Salas, who works with many bilingual students, is similarly enthusiastic about blended learning’s potential to support ELLs. She uses i-Ready, which provides both diagnostic assessments and level-appropriate practice. Even for students with the most basic English skills, she feels “i-Ready is effective. It not only provides appropriate content, it also builds up students’ vocabulary and phonics skills.” When ELLs are reclassified into the mainstream, they can use i-Ready alongside their more linguistically advanced peers.

Besides helping improve equity for ELLs, station rotation can also foster stronger student-teacher relationships. Research shows that for low-income students, this can be the difference between success and failure. Mark Manning, the principal at Morristown High School, emphasizes this point. “Our low-income students often go home to empty houses because both parents need to work.” As a result, he explains, “their opportunities to engage authentically with adults may be few and far between. Our model allows students to feel known and valued.”

It seems counterintuitive. How can spending more time on computers create stronger human relationships? For one, Manning says, the constant stream of data gives teachers a better sense of individual needs. Perhaps more importantly, however, is the small group and one-on-one instruction. “It builds rapport in a way traditional lecturing simply cannot.”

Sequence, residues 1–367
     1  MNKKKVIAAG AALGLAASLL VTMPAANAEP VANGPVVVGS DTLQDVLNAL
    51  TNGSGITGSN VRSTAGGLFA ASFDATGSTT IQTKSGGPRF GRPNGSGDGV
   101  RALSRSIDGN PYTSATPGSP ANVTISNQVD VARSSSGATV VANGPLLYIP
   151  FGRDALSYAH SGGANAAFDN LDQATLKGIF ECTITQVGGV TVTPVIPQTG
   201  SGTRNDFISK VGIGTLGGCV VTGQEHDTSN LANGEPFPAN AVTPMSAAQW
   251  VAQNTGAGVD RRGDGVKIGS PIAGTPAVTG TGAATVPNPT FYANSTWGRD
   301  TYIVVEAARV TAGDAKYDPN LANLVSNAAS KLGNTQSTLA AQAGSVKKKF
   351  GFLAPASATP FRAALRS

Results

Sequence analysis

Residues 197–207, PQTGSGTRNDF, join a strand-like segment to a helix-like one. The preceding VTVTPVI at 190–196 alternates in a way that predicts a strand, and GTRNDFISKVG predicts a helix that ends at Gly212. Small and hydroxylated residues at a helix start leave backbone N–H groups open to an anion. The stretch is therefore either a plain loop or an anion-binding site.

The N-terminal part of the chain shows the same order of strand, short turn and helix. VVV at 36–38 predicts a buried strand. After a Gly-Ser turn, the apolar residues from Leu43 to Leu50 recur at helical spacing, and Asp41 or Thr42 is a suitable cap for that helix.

Tools used throughout Morris School District

So, How Well Is It All Working?

As teachers across MSD have embraced blended learning, student outcomes have been promising, particularly at the elementary school level. According to 5th grade scores on the 2015-2016 PARCC (a Common Core-aligned test similar to SmarterBalanced), students of all racial backgrounds have experienced a significant rise in English language arts proficiency since the school went blended, especially when compared to state averages. Morris’s African American students saw particularly impressive gains this past year, with an 8% increase in students meeting or exceeding expectations—more significant ELA growth than that of their white peers, who scores increased by 6.4%.

PARCC Scores-Grade 5 ELA 2014-15: Students who Met or Exceeded Expectations 2015-16: Students who Met or Exceeded Expectations
Growth
State 51.5% 53.2 +1.7
Hispanic/Latino 42.1% 46.9% +4.8%
African American 50.1% 58.1% +8%
White 78.2% 84.6% +6.4%
Economically Disadvantaged 42.1% 43.4% +1.3
Non-Economically Disadvantaged 76.9 85% +8.1%

The 2015-2016 math scores were similarly impressive, with growth across the board. It’s important to note that MSD’s students of color and low-income students still fall below state averages in terms of math proficiency. However, Morris’s African American, Hispanic and low-income students all experienced far larger growth over the past two years than students elsewhere in the state.